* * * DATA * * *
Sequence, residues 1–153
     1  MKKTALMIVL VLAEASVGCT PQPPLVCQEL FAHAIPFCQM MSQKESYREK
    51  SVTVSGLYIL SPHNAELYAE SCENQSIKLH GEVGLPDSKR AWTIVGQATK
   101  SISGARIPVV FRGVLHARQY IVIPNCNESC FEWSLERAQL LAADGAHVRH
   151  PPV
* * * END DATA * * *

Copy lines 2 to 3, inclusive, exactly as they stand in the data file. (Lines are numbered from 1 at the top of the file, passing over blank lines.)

     1  MKKTALMIVL VLAEASVGCT PQPPLVCQEL FAHAIPFCQM MSQKESYREK
    51  SVTVSGLYIL SPHNAELYAE SCENQSIKLH GEVGLPDSKR AWTIVGQATK